Through the network 130, several client computers 104 may connect to the database server 102. The client computers 104 may be similarly structured as the database server 102, with exception to the storage of the DBMS 124. In an exemplary embodiment, the client computers 104 may be used to submit the query 128 to the database server 102 for optimization by the DBMS 124.

FIG. 1B is a block diagram of the DBMS 124 adapted to optimize the query 128 according to an exemplary embodiment of the present invention. As illustrated, the DBMS 124 may include an optimizer 132, compile time statistics 134, histograms 136, persistent sample tables 138, metadata 142, and several databases 140 against which the query 128 may be executed. The databases 140 may include user data organized into tables, rows and columns, typical of a relational DBMS. In particular, one of the databases 140 may contain the table specified in the query 128, referred to herein as a source table.

The optimizer 132 may be software that generates a query plan 134 for the query 128. Generating the query plan 134 may be based on a cardinality estimate, which is a prediction of the number of rows that the query 128 will access during execution.

The optimizer 132 may determine the cardinality estimate based on the histograms 136 if the predicate of the query 128 is an equality or range predicate on a single column. However, if the histogram 136 includes statistics that indicate relatively high variations in the frequencies within the histogram interval, the cardinality estimate may be determined by using statistics collected by the compile time statistics 134.

The compile time statistics 134 may be software that determines the statistics used by the optimizer in generating the query plan. In an exemplary embodiment of the invention, the compile time statistics 134 may determine a sample row count by applying the predicate to a persistent sample table 138 corresponding to the table specified in the query 128. In other words, the sample row count may indicate a number of rows in the persistent sample table 138 for which the predicate is true. For example, for a predicate such as “Age<21,” the sample row count may indicate how many rows in the persistent sample table have a value for the column Age that is less than 21.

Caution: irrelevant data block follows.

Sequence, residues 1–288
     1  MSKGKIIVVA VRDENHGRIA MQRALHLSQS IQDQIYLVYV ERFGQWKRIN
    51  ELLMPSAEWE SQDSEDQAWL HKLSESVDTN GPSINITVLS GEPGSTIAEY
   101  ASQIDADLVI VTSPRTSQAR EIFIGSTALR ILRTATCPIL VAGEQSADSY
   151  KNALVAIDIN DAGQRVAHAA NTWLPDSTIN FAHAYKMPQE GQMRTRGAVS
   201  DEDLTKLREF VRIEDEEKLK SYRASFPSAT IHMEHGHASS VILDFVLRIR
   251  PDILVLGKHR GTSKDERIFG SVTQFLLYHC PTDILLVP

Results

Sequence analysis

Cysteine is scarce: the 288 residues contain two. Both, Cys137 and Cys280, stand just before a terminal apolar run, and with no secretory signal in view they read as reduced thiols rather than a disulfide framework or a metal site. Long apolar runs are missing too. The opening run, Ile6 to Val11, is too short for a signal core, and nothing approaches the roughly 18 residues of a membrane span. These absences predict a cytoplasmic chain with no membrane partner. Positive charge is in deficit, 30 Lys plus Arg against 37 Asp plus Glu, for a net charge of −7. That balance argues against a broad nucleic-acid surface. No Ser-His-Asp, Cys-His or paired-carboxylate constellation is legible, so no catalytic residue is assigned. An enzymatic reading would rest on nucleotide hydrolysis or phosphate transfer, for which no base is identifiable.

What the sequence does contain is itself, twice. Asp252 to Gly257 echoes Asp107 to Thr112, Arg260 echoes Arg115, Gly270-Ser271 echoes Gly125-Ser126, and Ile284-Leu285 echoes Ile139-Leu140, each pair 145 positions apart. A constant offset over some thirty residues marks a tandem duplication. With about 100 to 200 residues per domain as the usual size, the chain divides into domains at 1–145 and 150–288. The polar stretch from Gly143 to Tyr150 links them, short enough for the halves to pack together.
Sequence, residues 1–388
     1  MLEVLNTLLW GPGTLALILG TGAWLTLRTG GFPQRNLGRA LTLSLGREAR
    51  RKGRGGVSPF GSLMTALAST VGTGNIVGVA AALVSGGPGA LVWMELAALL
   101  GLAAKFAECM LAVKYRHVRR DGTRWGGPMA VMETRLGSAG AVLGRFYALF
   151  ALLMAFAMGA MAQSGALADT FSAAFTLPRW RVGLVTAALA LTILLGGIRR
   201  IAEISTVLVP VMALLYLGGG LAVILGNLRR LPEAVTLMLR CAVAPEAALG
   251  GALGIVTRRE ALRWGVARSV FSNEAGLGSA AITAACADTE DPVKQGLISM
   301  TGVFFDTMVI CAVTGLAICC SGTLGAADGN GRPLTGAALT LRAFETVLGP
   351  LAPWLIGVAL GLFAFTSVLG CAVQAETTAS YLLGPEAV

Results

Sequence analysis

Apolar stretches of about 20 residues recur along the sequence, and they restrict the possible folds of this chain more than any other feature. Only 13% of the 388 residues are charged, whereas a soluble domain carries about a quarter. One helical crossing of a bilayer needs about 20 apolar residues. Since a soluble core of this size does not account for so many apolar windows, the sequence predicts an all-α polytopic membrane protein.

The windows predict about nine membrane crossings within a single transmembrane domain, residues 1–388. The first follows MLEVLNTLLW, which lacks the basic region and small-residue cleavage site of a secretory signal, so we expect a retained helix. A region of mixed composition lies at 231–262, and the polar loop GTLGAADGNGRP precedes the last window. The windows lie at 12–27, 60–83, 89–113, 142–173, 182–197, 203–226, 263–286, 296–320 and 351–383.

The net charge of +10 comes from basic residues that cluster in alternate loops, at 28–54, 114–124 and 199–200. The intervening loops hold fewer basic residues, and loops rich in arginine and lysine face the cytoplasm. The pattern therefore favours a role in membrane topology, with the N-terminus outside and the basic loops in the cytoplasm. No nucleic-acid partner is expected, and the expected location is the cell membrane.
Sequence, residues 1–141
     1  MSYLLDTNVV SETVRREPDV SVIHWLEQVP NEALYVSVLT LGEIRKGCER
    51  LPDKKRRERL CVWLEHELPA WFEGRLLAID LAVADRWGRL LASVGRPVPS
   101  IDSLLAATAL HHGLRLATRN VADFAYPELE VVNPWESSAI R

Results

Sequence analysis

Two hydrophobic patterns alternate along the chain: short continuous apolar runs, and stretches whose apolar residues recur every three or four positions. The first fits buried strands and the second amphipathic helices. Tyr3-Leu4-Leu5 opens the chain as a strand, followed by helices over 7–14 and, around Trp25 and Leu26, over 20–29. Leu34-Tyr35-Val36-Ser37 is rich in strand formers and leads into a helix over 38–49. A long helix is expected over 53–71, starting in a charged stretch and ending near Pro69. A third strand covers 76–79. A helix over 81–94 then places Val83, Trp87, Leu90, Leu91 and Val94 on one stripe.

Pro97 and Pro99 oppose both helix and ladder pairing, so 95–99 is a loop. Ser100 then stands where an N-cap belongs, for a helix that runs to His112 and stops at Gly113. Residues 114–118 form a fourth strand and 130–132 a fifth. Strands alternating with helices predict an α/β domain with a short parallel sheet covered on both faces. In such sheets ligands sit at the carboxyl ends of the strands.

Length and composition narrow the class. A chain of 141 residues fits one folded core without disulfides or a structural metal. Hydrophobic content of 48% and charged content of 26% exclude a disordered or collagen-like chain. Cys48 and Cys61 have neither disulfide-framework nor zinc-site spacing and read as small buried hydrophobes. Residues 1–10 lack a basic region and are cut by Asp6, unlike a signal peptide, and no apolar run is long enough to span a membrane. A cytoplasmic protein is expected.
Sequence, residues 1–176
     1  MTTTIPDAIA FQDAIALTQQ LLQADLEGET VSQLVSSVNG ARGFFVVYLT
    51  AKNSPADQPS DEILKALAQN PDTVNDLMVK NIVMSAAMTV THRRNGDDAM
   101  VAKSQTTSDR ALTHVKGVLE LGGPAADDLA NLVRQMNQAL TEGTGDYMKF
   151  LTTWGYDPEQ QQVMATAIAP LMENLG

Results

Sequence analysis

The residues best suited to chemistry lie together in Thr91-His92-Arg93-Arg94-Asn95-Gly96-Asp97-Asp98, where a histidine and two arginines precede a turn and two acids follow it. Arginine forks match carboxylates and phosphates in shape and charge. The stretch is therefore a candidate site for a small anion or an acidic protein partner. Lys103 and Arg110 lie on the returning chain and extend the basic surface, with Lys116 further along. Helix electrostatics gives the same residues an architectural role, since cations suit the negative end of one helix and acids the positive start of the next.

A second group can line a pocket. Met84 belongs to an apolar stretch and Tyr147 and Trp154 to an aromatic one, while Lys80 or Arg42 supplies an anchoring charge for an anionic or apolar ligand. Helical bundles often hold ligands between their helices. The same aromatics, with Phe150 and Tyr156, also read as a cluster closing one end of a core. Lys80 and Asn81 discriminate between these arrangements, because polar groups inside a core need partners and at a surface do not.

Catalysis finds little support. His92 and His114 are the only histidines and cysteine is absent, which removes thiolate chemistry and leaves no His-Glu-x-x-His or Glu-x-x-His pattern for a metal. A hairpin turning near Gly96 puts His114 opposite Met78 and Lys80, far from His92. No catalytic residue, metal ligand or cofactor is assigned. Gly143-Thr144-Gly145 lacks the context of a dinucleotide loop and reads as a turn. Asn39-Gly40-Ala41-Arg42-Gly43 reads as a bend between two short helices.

The persistent sample table 138 may be a data store that includes a sampling of rows from the source table. Because the persistent sample table 138 is populated from the source table, the sample row count may indicate to what degree the predicate may be true for the source table.

The persistent sample table 138 may be a table with the same structure as the corresponding source table. However, the persistent sample table 138 may only contain a random sampling of the rows in the source table. As such, the persistent sample table 138 may be quickly queried with the predicate from the query 128 to determine the sample row count, and in turn, the cardinality estimate. In an exemplary embodiment of the invention, the persistent sample table 138 may contain a subset of columns from the source table. Also, multiple persistent sample tables 138 for multiple corresponding source tables may be included in the DBMS 124.